We have been in Girona for a month now and looking back there is a common theme and that is the kindness of the people here. It would seem that nothing is too much trouble and that people go above and beyond to lend a helping hand. It is quite humbling really as we are foreigners here and yet we have been made to feel at home and very welcome.
We had our first trip to the coast which is just beautiful. Breathtaking views, rocky coves with turquoise water and a rugged coastal path. On our walk we came across a couple who had been catching sea urchins. They had a bucketful of them and were quick to offer us some to taste! The man used a guillotine like contraption to cut them in half and inside a starlike formation of eggs to eat. I dubiously tried some and to my surprise it was very tasty. The first one tasted like smoked salmon, the second one that was a purple sea urchin tasted nutty and then sweet. It is a local delicacy here in Spain and apparently you would pay 20 euros in a restaurant for a spiky handful. Before we knew it the man had brought 6 beers out to share with us and we had a lovely time chatting and taking in the beauty of the little cove and our surroundings.
We carried on our way walking along the coastal path with a stop for paella before the return walk to the car. At the start of the walk Josh was very excited and in high spirits singing the theme tune to ‘Andy’s dinosaur adventures’ but by the end after getting rather lost too we had walked almost 10 miles which is a lot for a little lad. His spirits were not quite so high and were was a lot of groaning and complaints that this was really not fun. Thankfully our friends had brought their dogs so the novelty of walking a dog on a lead helped and the homemade banana bread that I had brought with us came in handy for a ration stop. We found the car just before darkness fell.
Training has been in full swing for me. I have joined the local Catalan athletics group led by Josep the coach. Everyone has been very welcoming despite my lack of Catalan. There is one other British girl that trains with them too so that is fantastic. Training sessions take place by the coast. Some sessions are on the athletics track, some on a killer hill circuit amongst the pine trees and others on a loop around farm land. My first session was on the track. The majority of the group are 10k runners and the session was looking fast on paper. It consisted of 5x500m, 6x400m, 7x300m, 8x200m. Thankfully I managed to keep up with the pace and really enjoyed training with a group again. For my longer training sessions Josep has paced me on the bike while I have had to run and keep close to the back wheel. He has been enthusiastically shouting ‘come on, come on’ while I have been working hard to keep up the pace. The drive home is beautiful as the pyrenees are the back drop now with their winter coats of snow on glistening in the sunshine.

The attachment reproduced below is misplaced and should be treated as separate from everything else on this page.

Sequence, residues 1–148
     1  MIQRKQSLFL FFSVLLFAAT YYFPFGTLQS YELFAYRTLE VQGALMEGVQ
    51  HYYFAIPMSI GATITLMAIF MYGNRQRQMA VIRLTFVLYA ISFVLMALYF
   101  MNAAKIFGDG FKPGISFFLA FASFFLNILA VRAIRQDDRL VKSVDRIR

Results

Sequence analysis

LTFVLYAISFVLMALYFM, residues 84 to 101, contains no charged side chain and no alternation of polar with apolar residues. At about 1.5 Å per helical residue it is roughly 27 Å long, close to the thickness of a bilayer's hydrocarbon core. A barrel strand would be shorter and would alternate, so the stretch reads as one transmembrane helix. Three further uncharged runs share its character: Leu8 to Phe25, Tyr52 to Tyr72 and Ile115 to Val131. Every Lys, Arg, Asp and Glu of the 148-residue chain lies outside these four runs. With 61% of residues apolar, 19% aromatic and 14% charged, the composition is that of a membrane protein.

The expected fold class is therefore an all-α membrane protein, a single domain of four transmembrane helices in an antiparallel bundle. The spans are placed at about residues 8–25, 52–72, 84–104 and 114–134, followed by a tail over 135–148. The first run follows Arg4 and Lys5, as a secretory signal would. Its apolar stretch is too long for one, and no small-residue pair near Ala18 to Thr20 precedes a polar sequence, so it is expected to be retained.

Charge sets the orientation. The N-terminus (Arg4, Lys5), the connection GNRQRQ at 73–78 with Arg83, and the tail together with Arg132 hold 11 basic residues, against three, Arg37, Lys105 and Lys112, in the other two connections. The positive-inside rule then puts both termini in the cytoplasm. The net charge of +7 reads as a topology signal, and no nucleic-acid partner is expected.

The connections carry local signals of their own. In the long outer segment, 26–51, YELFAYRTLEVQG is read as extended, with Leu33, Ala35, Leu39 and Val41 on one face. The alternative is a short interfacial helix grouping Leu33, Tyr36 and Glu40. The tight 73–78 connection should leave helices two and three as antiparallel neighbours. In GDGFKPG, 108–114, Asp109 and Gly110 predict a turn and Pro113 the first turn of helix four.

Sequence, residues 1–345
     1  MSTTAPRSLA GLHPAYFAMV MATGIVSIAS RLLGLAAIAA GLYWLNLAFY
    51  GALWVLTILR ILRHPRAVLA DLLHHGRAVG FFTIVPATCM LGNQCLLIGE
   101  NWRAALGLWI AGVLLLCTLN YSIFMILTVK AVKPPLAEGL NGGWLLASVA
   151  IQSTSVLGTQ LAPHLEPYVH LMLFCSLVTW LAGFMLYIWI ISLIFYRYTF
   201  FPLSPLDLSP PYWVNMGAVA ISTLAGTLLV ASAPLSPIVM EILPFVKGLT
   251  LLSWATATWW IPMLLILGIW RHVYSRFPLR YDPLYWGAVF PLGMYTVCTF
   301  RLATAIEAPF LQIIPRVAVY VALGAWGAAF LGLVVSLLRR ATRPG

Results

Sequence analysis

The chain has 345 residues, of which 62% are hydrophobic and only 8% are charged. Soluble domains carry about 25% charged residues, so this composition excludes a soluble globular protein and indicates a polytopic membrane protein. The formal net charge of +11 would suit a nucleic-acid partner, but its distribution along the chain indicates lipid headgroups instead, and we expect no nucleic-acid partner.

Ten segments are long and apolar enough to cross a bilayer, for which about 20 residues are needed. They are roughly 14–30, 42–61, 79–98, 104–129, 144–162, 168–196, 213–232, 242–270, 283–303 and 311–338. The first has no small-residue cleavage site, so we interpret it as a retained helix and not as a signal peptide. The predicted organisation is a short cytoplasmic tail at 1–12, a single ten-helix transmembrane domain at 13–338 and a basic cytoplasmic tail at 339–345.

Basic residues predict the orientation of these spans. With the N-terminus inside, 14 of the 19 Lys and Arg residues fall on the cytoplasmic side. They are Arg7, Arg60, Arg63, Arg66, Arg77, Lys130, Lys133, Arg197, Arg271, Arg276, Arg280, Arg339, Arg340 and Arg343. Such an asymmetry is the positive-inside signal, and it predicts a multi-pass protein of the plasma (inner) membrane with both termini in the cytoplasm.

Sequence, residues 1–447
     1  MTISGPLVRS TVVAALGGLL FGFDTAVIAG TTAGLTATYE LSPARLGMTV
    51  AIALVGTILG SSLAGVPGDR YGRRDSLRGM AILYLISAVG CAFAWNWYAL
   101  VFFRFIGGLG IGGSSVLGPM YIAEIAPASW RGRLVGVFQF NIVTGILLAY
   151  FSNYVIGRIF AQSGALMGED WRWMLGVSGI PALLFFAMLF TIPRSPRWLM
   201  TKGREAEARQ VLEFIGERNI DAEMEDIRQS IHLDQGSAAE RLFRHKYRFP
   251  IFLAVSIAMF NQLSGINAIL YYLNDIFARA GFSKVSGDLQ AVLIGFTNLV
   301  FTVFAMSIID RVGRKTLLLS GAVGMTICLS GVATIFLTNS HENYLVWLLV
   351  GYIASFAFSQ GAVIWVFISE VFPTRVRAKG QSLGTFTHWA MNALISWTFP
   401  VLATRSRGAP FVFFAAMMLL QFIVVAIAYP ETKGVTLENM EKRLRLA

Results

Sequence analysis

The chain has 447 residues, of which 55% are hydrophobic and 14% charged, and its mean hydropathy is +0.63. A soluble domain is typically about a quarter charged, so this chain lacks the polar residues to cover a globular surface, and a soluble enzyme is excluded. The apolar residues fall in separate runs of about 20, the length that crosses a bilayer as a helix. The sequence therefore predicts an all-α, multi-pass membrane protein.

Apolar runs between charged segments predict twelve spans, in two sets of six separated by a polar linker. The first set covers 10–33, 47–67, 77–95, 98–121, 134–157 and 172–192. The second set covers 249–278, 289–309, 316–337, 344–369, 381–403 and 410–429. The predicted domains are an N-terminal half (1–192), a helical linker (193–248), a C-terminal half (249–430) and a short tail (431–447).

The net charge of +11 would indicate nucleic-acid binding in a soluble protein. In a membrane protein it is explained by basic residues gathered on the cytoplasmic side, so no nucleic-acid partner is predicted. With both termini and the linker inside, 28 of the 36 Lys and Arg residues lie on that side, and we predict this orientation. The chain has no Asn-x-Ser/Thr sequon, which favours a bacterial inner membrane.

As I mentioned before about kindness…one of our friends has lent us a car which is something we had not expected. Rich and Josh are excited that now skiing is made a lot easier and there is more opportunity to explore further a field. I have been enjoying riding my bike about town which is ancient…my bike that is. It weighs a tonne, has 3 gears, dodgy rod breaks and has a wicker basket on the front. I think it has seen through 2 wars in it’s time. It doesn’t look quite as slick as the bikes of many of the pro cyclists that live here! It is a good gage of how tired my legs are from training, sometimes I can speed about and other times I struggle to get the pedals to move around! Rich has been made welcome in the cycling community here and is enjoying the hills and churros at the cafe stops.
It is starting to feel more Christmassy here. The mornings start being cold and frosty but by mid morning it tends to be sunny and would be warm enough to wear a t-shirt. However if you want to blend in here wearing a thick coat and a scarf is a necessity. Even out running the locals are in balaclavas! The Christmas lights are up and there is a big Christmas tree in the old town. We have put up a little tree which is rather packed with decorations. Josh has been Joseph in the church nativity with his new friend Sofia as Mary. We have yet to introduce a new Spanish tradition into the family which is that of the log which they call the Tio de nadal. In most shops here you will see a log with legs on and eyes and a face drawn on and it has a blanket on its back. Apparently you have to feed the log up each day. Even in the local market the log there had a lovely array of cakes in it’s dish. As tradition has it after feeding the log from the 8th December up until Christmas Eve you then have to hit the log with sticks and sing a song. The log then proceeds to excrete chocolates and presents from its bottom! A bit different from the Father Christmas tradition!
Wishing you all a Bon Nadal.